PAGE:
Insect meal in aquaculture – a move towards sustainable protein in animal feed?
From 1 July 2017, amendments to current EU regulations, which for many years have effectively prohibited the feeding of processed animal proteins to animals intended for human consumption, were amended to permit insect meal to be used as feed in aquaculture.
EU legislation has strictly prohibited the use of processed animal protein (excepthydrolysed animal protein), including insect meal, in feed for animals kept, fattened, or bred for the production of food. Current EU legislation regarding the use of processed animal protein in feed for farmed animals is very much a product of the BSE crises.
In 2013, the EU passed a regulation which introduced the exception of non-ruminant processed animal protein in aquaculture feed. Until now, despite this development, it has not been practically possible to incorporate processed insect protein in aquaculture feed, because of a final barrier; the so-called ‘slaughter- house provision’. This was an EC regulation, which required animal by-products, used for the production of processed animal protein, to be derived from a registered slaughterhouse; a provision that was not feasible for insects.
It is anticipated that this move signifies a significant step in animal feed, towards developing insect meal as a sustainable alternative to protein derived from soybean. Current industry practices rely heavily on grain, in particular on imported soy from South America, as a source of protein; a practice not considered to be either sustainable or environmentally responsible in the long term.
Demand for insect protein
According to PROteINSECT, a project co-financed by the European Commission to investigate fly larvae as an alternative protein source for rearing fish, chickens and pigs, 80% of protein requirements for livestock feed in the EU is imported from outside of the EU. With the global demand for meat products expected to continue to rise considerably, there will inevitably be substantial pressure on feed manufacturers to increase production.
Both the United Nations and the European Union have publicised research and position papers on the need for a sustainable and environmentally responsible feed industry. Furthermore, there is now scientific research and industry support for the role that insect meal will play in the future of the feed industry.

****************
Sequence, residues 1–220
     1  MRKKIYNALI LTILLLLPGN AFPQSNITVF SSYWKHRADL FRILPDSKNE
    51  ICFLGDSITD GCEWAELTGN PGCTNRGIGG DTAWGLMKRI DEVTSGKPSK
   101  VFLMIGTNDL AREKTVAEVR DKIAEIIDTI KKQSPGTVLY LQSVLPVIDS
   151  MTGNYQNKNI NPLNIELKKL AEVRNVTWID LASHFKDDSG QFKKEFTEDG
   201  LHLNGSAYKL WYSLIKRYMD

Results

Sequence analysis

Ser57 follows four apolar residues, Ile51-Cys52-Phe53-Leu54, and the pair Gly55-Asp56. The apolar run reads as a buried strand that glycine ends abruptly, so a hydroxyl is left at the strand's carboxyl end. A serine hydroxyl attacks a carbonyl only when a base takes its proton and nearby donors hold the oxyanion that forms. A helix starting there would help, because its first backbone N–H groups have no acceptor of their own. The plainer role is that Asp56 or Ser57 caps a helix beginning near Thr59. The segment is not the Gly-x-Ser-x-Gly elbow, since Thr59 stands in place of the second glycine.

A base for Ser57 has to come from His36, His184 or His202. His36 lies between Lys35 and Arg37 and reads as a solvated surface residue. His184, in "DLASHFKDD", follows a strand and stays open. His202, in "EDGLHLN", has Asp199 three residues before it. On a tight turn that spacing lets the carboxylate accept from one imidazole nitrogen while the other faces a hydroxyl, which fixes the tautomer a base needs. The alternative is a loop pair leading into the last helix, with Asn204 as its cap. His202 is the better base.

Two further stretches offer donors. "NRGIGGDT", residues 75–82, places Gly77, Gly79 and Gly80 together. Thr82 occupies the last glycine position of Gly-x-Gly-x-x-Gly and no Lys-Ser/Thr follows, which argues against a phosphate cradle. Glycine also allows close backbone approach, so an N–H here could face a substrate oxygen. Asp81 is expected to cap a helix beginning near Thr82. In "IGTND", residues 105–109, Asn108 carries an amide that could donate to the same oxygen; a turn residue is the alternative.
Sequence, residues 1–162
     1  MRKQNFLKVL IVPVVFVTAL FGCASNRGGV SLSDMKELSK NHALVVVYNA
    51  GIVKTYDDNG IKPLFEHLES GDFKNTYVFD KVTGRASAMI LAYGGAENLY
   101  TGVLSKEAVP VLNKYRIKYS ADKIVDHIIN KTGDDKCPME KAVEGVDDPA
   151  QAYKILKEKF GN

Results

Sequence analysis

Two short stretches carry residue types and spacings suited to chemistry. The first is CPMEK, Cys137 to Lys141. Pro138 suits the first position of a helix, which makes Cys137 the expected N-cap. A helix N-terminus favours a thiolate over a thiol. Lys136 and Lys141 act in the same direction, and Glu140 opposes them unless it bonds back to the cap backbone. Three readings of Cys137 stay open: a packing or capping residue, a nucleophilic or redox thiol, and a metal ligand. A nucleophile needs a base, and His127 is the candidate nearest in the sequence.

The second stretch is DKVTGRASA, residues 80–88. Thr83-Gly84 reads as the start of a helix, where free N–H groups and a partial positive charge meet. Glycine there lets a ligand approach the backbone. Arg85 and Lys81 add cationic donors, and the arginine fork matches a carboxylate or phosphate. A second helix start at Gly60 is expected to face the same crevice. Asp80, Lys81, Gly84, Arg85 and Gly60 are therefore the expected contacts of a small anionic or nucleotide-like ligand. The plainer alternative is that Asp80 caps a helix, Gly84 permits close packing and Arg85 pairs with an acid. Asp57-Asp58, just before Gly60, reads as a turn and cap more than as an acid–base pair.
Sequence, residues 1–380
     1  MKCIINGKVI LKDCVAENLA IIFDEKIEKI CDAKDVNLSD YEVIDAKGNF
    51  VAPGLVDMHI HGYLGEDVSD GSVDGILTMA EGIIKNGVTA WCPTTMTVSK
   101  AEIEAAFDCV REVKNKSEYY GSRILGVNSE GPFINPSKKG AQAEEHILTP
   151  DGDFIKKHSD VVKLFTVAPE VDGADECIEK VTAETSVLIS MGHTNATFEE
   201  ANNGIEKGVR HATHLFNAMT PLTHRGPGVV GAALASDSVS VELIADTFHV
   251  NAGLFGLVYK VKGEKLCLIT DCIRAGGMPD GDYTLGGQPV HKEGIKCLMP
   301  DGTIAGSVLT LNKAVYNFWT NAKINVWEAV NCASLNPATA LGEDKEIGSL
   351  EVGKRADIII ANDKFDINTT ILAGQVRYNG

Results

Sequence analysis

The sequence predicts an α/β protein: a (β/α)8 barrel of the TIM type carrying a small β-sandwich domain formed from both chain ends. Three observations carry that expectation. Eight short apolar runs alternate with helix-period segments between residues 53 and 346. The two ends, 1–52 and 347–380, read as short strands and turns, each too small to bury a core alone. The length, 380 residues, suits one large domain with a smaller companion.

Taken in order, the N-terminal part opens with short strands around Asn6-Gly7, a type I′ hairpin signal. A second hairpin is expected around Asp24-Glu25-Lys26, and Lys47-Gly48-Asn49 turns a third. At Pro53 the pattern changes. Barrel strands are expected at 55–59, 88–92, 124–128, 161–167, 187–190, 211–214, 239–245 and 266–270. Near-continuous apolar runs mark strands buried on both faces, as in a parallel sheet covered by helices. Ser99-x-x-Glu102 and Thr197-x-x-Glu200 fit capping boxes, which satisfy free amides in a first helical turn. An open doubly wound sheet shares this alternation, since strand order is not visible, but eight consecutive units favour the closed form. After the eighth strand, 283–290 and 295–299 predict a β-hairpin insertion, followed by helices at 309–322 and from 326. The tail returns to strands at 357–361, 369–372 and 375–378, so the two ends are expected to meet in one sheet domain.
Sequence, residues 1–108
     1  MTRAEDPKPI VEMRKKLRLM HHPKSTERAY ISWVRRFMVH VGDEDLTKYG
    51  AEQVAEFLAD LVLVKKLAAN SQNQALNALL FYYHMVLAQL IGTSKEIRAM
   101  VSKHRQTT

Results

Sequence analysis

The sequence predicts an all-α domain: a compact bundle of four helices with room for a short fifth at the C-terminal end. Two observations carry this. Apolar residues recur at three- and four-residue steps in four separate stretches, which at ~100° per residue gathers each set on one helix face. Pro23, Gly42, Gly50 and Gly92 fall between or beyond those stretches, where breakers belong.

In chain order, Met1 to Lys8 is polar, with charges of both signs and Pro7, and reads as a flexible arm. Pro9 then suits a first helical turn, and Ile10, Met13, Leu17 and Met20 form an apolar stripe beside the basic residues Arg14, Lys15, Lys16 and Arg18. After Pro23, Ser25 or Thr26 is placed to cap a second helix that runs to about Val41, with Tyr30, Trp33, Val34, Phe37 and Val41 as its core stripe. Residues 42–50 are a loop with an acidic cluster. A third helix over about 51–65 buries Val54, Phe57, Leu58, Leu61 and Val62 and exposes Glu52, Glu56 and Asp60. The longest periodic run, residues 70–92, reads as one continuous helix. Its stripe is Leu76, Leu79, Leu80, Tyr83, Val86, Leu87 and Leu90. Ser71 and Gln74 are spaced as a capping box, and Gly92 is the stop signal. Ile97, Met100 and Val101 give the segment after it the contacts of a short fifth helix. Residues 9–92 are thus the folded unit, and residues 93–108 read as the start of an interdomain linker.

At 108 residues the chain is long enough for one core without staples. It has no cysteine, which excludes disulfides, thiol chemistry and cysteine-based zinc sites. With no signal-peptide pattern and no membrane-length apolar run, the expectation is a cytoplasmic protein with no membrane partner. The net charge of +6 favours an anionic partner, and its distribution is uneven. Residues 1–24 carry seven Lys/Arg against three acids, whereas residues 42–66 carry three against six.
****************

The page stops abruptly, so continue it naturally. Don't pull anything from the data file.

Benefits of insect protein
The benefits of using insect meal from an environmental and sustainable perspective are clear and include:
- the high feed conversion rate of insects (for example, crickets can convert 2KG of feed into 1KG of protein, compared with cattle which require 8KG of feed to produce 1KG of protein)
- lower greenhouse gas emissions
- the ability of insects to feed on organic waste and be able to convert waste into high quality protein
In addition, arable land currently used to grow crops for animal feed could in the future be used to grow food for human consumption. The Food and Agriculture Organisation of the United Nations estimates that 33% of arable land is currently used to produce feed for use in livestock production.
Research undertaken by AB Agri, in conjunction with the Food and Environment Research Agency (FERA), has demonstrated that insect meal is comparable with fish meal in terms of its amino acid content. The paper also records that some insect protein is equivalent or superior to soybean protein as a source of essential amino acids.
Developing use of insect protein
Industry leaders are already investing heavily in developing the technology to produce insects on a commercial scale for use in feed. Outside of the EU there are already established industry leaders forging ahead with the use of insects as feed ingredients.
In 2016, PROteINSECT produced a White Paper, ‘Insect Protein- Feed for the Future’, which recommended a review of insect protein legislation to address the EU protein deficiency. It is thought that further amendments to EU regulations to permit the use of insect meal in poultry farming and eventually in feed for pigs and other livestock will be considered in the near future.
The impact of Brexit
UK legislation enacted as a result of an EU directive will continue in force in the UK regardless of Brexit until such legislation is repealed or amended. In theory, EU Regulations, which have direct application in the UK, would cease to apply if the UK was no longer part of the EU. However, many UK based farming businesses will continue to trade within the EU and will need to meet the EU standards of food production.
Legislation governing food and feed production is voluminous and complex. Those looking to take advantage of pioneering developments in protein sources for feed must understand and comply with a minefield of EU and UK legislation, the majority of which was not originally intended to capture insects.